As this deal is done I have to start thinking about what comes next. I’m not sure if my current situation makes for clarity of thought, but there are no shortage of ideas.
I learnt a few things from this episode. For a start, that while I can slip into a pleasant neighbourhood like this without too much trouble, I don’t really belong here. I moved to this neck of the woods initially because it’s where the vacant house was. It was convenient though in that it was close by to some of my best friends. At the time I also figured it would be good for me to rub shoulders with the grown ups. I’ve lived an independent and occasionally irresponsible life mostly. My it’s been fun. Mostly. I figured it was time for me to settle down. If I moved to a suburb of respectable families then perhaps some of that wold rub off on me.
I realise now that you can’t force these things. It seems an obvious conclusion. I still want that life – family – but I’m wiser letting it come to me. I don’t fit into this picture, this area, pleasant and friendly as it is. Reality is that even in good times I’ll be the outsider, and that’s true with my closest friends. Until I join the family club I’ll always be looked upon and treated as an oddity. I feel it, and it alternately pisses me off and discomforts me. There’s a lot I get excluded from, either literally or simply because I don’t speak the same language. Until the time comes, I’m better off sticking with my own kind.
What is my own kind? Independent, perhaps a little bohemian, hedonistic, sensual, opinionated, self-aware, ambitious, and so on. My habitus is the inner city suburbs I miss pretty much – good coffee, Sunday brunch, a bar and possibly a pub down the street, a tram running down the road taking me to the city. It’s nights out during the week at a bar or a restaurant, weekends of footy and drinking and leisurely breakfasts out and heavy flirtation. It’s conversation about politics and culture and current affairs and Buddy and the state of the Australian cricket team and the latest cool bar and great meals and cool music. It’s life in a different register.
I’m a Melbourne boy and can’t resile from that. I love this place, and it’s very much a part of me. I accept that.
It’s going to be a while till I get back on my feet again, but when I do I’ve made my mind up. I either return to the inner city, or go out, to the bush or the beach that rings the city. Red Hill sounds good. Or south to Tassie (not that far from Melbourne, and culturally similar). A bit of land, a vegie patch, some nearby deli I can get life’s essentials – coffee and cheese – and maybe a spot where I can write. I can dream, can’t I?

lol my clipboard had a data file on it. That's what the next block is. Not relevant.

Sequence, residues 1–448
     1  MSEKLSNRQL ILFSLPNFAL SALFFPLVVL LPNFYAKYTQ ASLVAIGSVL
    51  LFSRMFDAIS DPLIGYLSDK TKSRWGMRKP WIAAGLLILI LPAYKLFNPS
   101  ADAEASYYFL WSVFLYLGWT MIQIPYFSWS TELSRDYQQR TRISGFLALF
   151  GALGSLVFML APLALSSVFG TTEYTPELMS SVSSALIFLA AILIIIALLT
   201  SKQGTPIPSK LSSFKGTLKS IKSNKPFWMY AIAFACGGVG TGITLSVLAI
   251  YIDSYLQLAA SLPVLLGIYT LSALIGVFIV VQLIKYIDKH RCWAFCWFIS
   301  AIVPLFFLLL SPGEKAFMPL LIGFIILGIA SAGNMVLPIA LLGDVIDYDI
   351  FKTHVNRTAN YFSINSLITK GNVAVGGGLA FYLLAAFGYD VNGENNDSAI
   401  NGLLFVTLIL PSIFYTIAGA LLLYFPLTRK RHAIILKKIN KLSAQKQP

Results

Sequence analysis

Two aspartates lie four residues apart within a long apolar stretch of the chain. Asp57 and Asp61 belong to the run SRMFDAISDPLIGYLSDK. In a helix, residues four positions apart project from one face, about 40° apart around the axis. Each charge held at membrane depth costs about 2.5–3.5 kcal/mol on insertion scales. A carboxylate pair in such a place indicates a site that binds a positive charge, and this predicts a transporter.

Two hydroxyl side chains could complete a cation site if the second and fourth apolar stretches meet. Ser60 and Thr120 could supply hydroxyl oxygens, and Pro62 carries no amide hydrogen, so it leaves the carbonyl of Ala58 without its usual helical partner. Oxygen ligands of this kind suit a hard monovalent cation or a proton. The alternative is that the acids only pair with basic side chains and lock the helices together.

I’ve got to get back to that point, and of course that’s the tricky part.
Last week I had conversations with two recruiters basically telling me the same thing. Both these guys were the rare breed of professionals. They were both a bit cynical and sour over the state of the market and employers recruiting policies. Both of them told me it was a crap shoot applying for work the old-fashioned way. The odds are stacked against you. Sucks, but it’s true. Both said the best way of getting a job these days is through people you know, referrals and networking.
I’d pretty well figured this out months ago, but kept on turning the knob just in case it opened. I may get lucky, but the chances are I won’t. I don’t think this is going to change either. I think this is the way its going to be from here on in. That means basically you’re unwise to leave a job without one to go to. And when you’ve got a job, hang on to it.
I’m not in that position, clearly. I have to look at other ways, and given my circumstances, need to be a bit daring if I am to recoup some of my place.
I’ve been researching the possibility of working remotely. Overseas is an option, though less likely. I got an email from Qatar overnight for a job I’m not qualified for, but I’m sure there are others I am. That’s an option, but I’m looking closer to home.
Mining jobs have a bit of a mythic quality in Australia. You go off for 6-12 months to work in some hot, dusty and remote location with a bunch of other men. You get paid big time and come back with a tidy package. That’s the idea. I’m sure it’s not as simple as that, but mining continues to boom in Oz, and there’s a lot of money going around.
To do that means I have to sort out Rigby. I can’t take him with me, but nor do I want to leave him with my sister.
The other thing is the shop. I can’t leave it as it is. I could sell, eventually, find a partner, or get a manager in.
Though it’s been a tough road I remain convinced that the thinking that brought me to buying the shop is sound. I can’t rely on others for work, for the reasons I listed above. I need self-sufficiency. The shop does not give me that, but there is potential for it. My ideal scenario would be to find a partner willing to tip in cash and work in the shop as manager. In time I think it will develop into a good money-spinner, which can then possibly be further developed.
I also have to look at other avenues of income. Consulting is one, but very erratic. My writing perhaps is another, but needs to be marketed. Is there anything else?
In time I hope I will find some security and be situated where I can grow my own family. I can move on then, and join the club perhaps – should I choose to. In the meantime I need to scramble a solution, starting now.